The Vigor of Reality

Some evenings, the motorcycle seems like the last chance to get away from it all. Though it’s not about escaping the world, on the contrary. It’s the direct route back to real life. Okay, and it’s a lot of fun too.
Text Wiebke Brauer
Photo Matthias Mederer · ramp.pictures

My heart is beating. I can feel it. I can hear it. To be honest, I can even see it. Night is falling over the city and my motorcycle is waiting outside the door. The different shades of black are still clearly visible, but soon the light will trickle away behind the houses – and with it all the contrasts. I reach over to the shelf, grab my helmet, and dig my gloves out of the drawer. Wrap the scarf around my neck, not too tight. Run down the stairs, not forgetting to breathe. Anyone who says that the half hour before a ride leaves them cold is lying. Because getting ready to go out on a motorcycle stirs up an incomparable excitement in anticipation of the ride. The start of the engine, the vibration between your legs, the wind and the feeling that everything is just right.

“Only beautiful things lead us out to join the world beyond our heads.” This quote is from the book The World Beyond Your Head by Matthew B. Crawford, who makes a case for deliberately engaging with real people and real activities. Because in the age of digital overstimulation, that’s exactly what matters. A direct engagement with the world. Okay, you’d be forgiven for thinking that a ride out on a Low Rider S through a balmy summer evening isn’t exactly the sort of thing that brings you together with other people – because riding a motorcycle is a solitary affair and the cruiser doesn’t even have a second seat. But anyone who says that is confusing solitude with silence.

Anyone who says that the half hour before a ride leaves them cold is lying.

Lonely and unworldly is the time spent in the digital realm, in front of the computer, on the smartphone, even the time spent wandering around the city listening to music. Wearing headphones that isolate you from the rest of the world. Silence, on the other hand, is what happens in your head when you’re riding a motorcycle. The mind is filled with the sound of the V2 engine, an air-cooled Milwaukee-Eight 114 whose rich sound takes up so much space in your head that no other thought can interfere. If you want, you can think about the history of the Harley-Davidson brand on a long straight, but frankly you can just as well leave it be. They say that a brand reveals something about the personality of its owner.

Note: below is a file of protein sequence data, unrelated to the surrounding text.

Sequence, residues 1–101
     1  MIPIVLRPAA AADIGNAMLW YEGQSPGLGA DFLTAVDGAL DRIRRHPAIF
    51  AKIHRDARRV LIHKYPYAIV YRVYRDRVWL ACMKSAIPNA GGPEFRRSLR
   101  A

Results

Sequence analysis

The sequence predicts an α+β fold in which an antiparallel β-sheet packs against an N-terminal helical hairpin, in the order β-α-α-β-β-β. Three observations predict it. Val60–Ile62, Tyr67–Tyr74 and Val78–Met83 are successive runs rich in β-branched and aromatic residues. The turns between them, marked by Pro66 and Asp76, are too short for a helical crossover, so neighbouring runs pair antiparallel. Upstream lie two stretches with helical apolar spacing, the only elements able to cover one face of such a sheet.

Silence is what happens in your head when you’re riding a motorcycle.

But take a closer look at any motorcycle hangout and you will notice that quite a lot has changed. No one would be surprised to see an old BMW and a brand-new Harley standing side by side, the two riders talking shop with each other. No one goes betting as to who belongs to which bike. First of all, you could lose a lot of money in the process. And besides, motorcyclists are simply people who are passionate about one and the same thing. To learn about this new reality, you have to, well, experience it. Matthew B. Crawford writes: “We achieve this, ultimately, by relocating the standards for truth from outside to inside ourselves.”

Seen in this light, there are two types of direct contact. On the one hand, there’s reality in the form of the wind, whose humming mingles with the rumble of the engine and the sound of the rolling tires. The direct contact with the asphalt, the pothole that you have to drive around. The curve that needs to be taken properly. But also the moth that gets caught in your helmet, which forces you to stop and get off very quickly in order to get rid of the critter.

The mind is filled with the sound of the V2 engine, an air-cooled Milwaukee-Eight 114 whose rich sound takes up so much space that no other thought can interfere.

On the other hand, it’s the comparison with your doubts and beliefs, nourished by what you’ve read somewhere once. And the realization that the combination of man and machine, or an evening ride out on a Harley through a city in the south of a country, puts your thoughts in order and clarifies your view of the world.

“The great thing is to gather new vigor in reality.” This quote from Vincent van Gogh can be found on the first page of Crawford’s book. And it’s, well, really true.

More information on the Harley-Davidson Low Rider S:

harley-davidson.com

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